As it follows, the realization that I was bisexual that came halfway through my sophomore year absolutely destroyed me.

My life came to a screeching halt. I started skipping class, avoided friends who were only trying to help, stopped eating, and slept an obscene amount of time. Depression took hold of me and refused to let go. (Or, perhaps, I refused to let it go. After all, destroying myself was my way of telling God, “Look, you don’t have to ruin me. I can ruin myself first.”)

Jump to me at sixteen, sitting cross-legged on my best friend’s bedroom floor. After months of her reaching out to me, I finally got the courage to reach back.

She leaned forward, “Ale, what is going on with you?”

And the dam broke.

I cried and I cried and I cried and I cried. I don’t remember how much time I spent on that carpet with my best friend’s arms wrapped around me before the words came tumbling out of my mouth.

“I’m bisexual.” I told her, but I didn’t look at her. I was afraid that if I made eye contact with her the serpent would latch onto her and destroy her, too.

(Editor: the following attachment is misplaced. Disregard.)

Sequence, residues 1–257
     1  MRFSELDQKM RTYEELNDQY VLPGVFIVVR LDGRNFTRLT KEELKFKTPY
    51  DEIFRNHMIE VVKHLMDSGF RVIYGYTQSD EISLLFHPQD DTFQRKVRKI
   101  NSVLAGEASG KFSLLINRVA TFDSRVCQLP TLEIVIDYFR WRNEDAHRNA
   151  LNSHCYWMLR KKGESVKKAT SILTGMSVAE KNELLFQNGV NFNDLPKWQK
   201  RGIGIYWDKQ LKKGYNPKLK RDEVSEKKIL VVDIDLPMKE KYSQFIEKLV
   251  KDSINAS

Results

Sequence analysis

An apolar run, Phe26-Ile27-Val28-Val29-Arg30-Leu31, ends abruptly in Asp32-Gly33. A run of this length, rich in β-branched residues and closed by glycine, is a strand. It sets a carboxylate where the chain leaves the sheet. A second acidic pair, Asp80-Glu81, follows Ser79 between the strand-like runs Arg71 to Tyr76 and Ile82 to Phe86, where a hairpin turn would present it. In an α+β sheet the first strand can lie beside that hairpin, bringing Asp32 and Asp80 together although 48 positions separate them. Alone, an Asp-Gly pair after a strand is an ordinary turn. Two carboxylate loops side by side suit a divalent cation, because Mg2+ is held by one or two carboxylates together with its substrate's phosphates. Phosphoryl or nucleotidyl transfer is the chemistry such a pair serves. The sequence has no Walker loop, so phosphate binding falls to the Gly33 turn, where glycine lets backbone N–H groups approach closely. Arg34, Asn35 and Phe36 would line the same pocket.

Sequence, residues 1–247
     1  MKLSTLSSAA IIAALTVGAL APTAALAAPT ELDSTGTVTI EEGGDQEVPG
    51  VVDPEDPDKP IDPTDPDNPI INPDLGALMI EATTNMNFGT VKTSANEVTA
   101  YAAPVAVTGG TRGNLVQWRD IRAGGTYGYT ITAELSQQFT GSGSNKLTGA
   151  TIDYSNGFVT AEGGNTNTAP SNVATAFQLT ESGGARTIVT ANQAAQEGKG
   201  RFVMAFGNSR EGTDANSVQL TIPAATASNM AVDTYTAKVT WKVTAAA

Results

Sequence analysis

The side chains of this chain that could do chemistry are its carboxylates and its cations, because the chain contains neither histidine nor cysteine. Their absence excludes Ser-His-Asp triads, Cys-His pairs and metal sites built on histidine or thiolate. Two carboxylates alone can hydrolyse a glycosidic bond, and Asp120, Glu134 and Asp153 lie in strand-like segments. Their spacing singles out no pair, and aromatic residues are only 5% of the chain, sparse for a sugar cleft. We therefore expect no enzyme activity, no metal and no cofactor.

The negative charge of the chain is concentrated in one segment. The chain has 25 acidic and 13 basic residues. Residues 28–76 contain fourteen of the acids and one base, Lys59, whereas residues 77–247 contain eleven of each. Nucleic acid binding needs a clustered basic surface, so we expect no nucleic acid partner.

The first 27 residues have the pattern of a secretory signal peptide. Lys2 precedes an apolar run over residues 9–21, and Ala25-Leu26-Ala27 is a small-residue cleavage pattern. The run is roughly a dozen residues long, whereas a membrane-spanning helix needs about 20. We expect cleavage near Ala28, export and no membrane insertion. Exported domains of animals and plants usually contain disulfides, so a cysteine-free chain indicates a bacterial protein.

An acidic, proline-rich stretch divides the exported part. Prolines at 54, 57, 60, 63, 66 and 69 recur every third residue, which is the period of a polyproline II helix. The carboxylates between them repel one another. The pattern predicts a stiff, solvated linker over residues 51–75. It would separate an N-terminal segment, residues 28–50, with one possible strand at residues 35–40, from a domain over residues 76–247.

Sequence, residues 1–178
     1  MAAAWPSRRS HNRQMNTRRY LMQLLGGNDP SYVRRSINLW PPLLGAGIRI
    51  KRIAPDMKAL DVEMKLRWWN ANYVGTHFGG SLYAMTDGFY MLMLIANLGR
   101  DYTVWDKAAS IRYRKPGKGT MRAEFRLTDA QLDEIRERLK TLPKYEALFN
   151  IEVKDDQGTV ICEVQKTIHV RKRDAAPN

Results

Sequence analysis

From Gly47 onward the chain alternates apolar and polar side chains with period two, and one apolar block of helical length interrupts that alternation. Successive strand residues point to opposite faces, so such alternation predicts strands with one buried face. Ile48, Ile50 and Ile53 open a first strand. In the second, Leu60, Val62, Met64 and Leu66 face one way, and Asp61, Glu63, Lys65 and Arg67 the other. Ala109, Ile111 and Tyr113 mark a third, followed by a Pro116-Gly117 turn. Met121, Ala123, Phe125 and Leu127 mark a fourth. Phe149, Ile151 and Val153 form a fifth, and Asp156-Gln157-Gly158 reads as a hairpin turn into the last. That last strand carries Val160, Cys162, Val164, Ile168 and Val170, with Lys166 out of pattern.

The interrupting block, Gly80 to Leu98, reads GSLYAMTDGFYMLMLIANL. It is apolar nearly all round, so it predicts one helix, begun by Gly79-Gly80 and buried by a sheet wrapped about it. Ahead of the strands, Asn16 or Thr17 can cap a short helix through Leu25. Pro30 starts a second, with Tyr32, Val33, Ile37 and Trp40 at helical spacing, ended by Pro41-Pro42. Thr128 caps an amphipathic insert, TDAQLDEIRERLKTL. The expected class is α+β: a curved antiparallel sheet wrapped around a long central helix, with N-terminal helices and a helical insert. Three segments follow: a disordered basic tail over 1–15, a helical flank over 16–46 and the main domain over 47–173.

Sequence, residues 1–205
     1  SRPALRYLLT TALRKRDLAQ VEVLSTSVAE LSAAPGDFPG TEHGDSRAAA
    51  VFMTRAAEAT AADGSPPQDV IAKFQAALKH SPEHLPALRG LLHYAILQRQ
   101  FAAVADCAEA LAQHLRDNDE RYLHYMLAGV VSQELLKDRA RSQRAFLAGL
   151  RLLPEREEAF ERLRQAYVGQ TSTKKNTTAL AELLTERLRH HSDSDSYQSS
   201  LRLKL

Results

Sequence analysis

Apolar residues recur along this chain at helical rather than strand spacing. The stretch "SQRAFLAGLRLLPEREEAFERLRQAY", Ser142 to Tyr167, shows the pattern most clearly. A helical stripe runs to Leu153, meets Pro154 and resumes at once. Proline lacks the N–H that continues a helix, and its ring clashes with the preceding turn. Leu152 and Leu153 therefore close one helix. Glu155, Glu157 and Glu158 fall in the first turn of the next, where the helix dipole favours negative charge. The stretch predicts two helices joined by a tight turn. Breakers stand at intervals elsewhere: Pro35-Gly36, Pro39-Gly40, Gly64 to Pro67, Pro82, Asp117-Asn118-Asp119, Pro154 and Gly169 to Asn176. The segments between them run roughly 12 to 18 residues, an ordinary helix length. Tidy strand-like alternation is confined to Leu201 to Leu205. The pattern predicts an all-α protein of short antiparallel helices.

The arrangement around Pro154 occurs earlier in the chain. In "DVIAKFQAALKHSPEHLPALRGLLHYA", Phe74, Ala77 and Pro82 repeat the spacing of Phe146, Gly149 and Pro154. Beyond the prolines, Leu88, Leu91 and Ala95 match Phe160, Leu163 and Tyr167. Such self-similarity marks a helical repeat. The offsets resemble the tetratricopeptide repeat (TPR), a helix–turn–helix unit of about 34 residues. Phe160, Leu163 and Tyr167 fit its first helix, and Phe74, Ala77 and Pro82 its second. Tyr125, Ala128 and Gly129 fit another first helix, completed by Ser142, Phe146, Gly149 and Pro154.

Flash.

Her head turned. And she laughed.

“That’s—Alex, it’s okay. I am too. I—It’s not—it’s—you don’t have to worry.”

They say hindsight is 20/20, and maybe that’s why when I look back on that moment now I want to laugh too. But back then it felt like the world was caving in on me. Being bisexual would not be accepted in my church, in my family, or in my culture.

I no longer belonged in the only place that ever truly felt like home.

As a teenager, I could still look in the mirror and see a vivid photograph of my mother, but I was all too aware of the fact that behind me was a life she never got the chance to imagine.